James Klein says: "where's the epilogue?"
    "more a record than a book"
    Overall
    Performance
    Story

    The author reports about uncovering a tax payer funded, government enabled fraud through the SBA, of a company called Allied Capital through subsidiary BLX (Bussines Loan Express). The main idea is to hand out loans fast and furious witouth much scrutiny, take big commisions on these loans and keep them on the books as healthy, long after they have gone bad. Like buying rotten fruits and putting them in a box and let nobody look inside the box, selling the box on the stock market as a box with fresh fruit. Ofcourse only possible because the tax payer is on the hook in the end through the SBA.

    Einhorn tracked this fraud down and decided to short Allied Capital stock and expose the fraud to the government.
    Here is the surprising part. Einhorn is truly amazed to get little cooperation from the government to expose the fraudulent individuals, while it is the same government that enables the whole thing. He is even treated as an evil short seller suspect by them.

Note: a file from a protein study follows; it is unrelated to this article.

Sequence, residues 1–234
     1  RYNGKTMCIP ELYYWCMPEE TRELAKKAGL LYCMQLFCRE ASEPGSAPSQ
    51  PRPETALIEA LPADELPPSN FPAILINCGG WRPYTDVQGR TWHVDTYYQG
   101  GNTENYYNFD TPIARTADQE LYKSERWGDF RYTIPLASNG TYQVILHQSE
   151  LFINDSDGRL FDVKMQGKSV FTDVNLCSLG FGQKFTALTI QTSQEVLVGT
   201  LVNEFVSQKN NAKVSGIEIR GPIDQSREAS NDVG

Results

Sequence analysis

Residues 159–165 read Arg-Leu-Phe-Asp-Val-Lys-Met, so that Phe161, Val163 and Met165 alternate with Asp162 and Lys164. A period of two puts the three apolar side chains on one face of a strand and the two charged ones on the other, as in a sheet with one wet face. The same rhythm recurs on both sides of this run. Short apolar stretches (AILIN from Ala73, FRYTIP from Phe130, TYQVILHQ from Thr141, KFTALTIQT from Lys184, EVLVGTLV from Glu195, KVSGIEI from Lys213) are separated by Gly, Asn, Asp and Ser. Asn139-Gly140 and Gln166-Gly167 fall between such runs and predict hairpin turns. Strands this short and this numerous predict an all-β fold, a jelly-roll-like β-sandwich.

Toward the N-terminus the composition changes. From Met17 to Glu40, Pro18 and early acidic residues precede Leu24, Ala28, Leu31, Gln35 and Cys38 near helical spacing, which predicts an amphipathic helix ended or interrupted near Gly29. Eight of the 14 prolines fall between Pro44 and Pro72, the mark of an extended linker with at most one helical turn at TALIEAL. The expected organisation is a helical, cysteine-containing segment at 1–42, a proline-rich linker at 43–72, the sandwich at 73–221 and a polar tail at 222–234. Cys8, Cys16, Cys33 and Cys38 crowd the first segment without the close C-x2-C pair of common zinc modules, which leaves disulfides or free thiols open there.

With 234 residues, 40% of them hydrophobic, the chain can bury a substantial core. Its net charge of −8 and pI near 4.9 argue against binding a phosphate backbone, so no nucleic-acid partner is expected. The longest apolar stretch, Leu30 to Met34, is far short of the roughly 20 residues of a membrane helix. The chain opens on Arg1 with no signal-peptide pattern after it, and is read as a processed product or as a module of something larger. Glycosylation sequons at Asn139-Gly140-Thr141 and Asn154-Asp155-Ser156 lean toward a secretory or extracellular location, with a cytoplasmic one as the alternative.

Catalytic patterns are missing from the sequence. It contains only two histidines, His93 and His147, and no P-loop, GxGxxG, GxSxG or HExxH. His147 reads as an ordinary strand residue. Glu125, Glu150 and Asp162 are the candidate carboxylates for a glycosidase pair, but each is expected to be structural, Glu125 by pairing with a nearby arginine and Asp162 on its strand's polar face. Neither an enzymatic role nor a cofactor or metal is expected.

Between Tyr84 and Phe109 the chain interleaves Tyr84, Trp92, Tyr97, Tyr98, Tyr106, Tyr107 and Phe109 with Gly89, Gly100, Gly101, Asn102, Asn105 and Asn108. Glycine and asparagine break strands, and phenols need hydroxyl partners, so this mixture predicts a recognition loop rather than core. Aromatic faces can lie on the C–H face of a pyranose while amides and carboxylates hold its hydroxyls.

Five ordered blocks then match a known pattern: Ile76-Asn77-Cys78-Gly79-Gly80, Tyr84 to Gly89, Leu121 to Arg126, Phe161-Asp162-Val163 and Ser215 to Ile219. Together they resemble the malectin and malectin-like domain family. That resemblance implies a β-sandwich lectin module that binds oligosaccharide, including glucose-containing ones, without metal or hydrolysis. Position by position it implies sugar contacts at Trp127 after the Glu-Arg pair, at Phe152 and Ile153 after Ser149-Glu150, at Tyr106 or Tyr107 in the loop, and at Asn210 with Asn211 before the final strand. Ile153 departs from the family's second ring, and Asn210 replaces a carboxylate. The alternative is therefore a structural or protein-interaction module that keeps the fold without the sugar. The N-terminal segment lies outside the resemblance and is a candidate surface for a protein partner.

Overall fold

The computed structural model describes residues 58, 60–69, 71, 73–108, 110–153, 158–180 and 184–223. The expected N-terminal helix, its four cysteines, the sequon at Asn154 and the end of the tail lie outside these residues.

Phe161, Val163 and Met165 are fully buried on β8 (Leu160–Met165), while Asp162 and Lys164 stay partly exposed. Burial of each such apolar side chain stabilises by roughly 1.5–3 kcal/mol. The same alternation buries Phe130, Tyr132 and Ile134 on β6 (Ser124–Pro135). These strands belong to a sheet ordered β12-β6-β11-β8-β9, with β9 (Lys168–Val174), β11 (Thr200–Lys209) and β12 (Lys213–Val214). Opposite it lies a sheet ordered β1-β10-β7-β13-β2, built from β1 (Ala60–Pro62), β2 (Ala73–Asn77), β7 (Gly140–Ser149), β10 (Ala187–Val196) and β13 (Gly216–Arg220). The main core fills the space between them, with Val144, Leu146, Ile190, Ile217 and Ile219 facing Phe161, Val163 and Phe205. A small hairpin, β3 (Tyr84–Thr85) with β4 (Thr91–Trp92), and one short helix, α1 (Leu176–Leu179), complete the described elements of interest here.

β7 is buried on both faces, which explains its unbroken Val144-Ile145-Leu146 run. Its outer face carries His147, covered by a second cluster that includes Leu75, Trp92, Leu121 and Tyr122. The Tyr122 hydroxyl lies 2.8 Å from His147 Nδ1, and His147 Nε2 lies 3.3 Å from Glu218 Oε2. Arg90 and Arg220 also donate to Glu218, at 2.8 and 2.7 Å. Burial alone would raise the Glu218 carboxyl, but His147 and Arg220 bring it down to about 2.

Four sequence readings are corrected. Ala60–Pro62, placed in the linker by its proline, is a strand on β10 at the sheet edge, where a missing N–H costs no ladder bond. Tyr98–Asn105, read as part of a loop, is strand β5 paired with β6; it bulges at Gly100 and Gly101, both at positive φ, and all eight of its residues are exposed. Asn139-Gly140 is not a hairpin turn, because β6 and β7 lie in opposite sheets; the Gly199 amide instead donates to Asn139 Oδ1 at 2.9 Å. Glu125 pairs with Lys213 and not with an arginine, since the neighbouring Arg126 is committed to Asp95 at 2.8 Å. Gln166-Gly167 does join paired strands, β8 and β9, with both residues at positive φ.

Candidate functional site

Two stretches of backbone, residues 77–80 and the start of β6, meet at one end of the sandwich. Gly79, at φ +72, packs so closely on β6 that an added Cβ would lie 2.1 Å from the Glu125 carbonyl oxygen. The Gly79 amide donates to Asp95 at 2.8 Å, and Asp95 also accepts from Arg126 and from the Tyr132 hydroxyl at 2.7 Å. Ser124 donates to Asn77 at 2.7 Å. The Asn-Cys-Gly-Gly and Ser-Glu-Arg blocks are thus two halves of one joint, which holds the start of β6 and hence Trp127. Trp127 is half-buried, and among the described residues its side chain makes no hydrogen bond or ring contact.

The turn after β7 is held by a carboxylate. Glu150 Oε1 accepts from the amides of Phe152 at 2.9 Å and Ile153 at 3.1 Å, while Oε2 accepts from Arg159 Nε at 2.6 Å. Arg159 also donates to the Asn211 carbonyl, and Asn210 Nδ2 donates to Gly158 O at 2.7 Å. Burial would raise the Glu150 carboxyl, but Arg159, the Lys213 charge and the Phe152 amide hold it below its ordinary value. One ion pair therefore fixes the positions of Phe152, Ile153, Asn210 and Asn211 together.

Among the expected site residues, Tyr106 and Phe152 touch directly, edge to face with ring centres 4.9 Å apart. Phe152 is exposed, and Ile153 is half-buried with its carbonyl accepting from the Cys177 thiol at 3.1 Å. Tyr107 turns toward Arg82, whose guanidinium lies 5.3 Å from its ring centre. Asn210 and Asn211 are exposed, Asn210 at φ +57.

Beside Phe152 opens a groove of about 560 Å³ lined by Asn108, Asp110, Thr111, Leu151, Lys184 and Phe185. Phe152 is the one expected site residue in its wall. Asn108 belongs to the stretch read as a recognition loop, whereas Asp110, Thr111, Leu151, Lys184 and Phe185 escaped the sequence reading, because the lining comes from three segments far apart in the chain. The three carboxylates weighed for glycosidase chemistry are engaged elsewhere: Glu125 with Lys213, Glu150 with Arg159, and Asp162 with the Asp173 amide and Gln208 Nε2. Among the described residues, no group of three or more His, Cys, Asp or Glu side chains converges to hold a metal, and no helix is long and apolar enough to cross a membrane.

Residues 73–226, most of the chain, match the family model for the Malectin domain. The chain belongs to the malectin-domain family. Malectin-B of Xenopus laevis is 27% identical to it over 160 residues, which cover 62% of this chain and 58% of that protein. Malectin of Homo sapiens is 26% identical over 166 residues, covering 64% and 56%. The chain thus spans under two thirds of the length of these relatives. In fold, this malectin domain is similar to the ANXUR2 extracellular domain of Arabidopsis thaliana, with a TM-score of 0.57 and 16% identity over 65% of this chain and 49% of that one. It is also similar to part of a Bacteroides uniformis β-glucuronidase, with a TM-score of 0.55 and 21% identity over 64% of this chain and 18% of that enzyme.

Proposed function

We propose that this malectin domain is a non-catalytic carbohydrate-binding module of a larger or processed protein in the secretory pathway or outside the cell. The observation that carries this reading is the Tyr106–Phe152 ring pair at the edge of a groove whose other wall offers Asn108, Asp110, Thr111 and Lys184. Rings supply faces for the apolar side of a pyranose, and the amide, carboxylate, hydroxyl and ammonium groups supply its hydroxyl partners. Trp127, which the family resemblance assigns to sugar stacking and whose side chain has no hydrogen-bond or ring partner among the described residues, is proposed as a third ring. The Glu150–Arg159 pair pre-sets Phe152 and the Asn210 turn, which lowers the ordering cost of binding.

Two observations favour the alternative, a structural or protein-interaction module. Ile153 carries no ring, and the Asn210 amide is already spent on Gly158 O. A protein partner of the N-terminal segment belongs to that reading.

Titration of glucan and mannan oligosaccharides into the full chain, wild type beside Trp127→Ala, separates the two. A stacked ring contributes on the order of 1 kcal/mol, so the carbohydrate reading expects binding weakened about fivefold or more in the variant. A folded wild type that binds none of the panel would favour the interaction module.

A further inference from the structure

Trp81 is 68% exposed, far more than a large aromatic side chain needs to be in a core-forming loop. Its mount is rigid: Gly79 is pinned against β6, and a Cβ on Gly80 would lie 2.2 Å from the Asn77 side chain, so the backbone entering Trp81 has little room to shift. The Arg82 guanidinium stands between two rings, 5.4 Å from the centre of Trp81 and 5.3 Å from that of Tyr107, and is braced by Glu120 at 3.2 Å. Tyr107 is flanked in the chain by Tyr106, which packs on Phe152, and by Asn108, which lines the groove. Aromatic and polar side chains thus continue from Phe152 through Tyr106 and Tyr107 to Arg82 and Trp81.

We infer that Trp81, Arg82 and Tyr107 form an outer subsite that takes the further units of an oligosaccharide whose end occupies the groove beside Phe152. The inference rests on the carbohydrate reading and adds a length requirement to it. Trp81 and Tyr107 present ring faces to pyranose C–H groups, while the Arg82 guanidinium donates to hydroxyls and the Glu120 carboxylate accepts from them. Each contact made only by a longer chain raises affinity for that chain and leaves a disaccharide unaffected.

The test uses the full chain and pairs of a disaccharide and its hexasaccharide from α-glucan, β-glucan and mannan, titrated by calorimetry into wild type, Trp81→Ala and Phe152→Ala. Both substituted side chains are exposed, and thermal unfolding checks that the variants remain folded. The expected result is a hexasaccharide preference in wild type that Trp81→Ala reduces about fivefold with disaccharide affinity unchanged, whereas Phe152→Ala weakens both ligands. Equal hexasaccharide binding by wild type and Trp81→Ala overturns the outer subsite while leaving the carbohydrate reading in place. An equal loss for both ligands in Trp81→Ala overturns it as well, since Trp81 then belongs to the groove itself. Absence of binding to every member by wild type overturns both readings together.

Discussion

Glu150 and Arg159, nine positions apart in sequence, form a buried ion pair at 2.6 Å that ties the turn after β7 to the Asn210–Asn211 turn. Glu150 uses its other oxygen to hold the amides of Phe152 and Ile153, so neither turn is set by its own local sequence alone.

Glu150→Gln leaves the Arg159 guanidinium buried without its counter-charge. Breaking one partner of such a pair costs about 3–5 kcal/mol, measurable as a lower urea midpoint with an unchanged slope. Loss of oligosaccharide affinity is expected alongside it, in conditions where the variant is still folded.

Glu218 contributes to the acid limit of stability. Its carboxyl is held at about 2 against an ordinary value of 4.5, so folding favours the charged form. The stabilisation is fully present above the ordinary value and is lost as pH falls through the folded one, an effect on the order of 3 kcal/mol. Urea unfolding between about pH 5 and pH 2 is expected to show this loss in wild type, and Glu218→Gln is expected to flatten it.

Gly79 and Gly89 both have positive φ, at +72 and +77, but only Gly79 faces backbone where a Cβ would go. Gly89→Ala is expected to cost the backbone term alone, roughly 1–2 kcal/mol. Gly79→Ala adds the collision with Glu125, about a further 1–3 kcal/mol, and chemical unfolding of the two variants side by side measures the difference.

He claims suprise over 'individuals who have chosen to fight fraude as a profession' that showed little interest. He fails to recognize is that it should immediately be obvious that these crime fighters get their pay check through taxes. Which means that if you do not purchase their services, they drag you of to jail under threat of force. These people are not interested in uncovering crime. They gravitate to a position of power, to cash in on it. The official function of crime fighter is just a fence. It's a racket. It's like being surprised that paying protection money to the maffia, does not get you protection.

    1 of 2 people found this review helpful
  • Why I Left Goldman Sachs: A Wall Street Story

    • UNABRIDGED (9 hrs and 30 mins)
    • By Greg Smith
    • Narrated By Greg Smith
    • Whispersync for Voice-ready
    Overall
    (260)
    Performance
    (222)
    Story
    (224)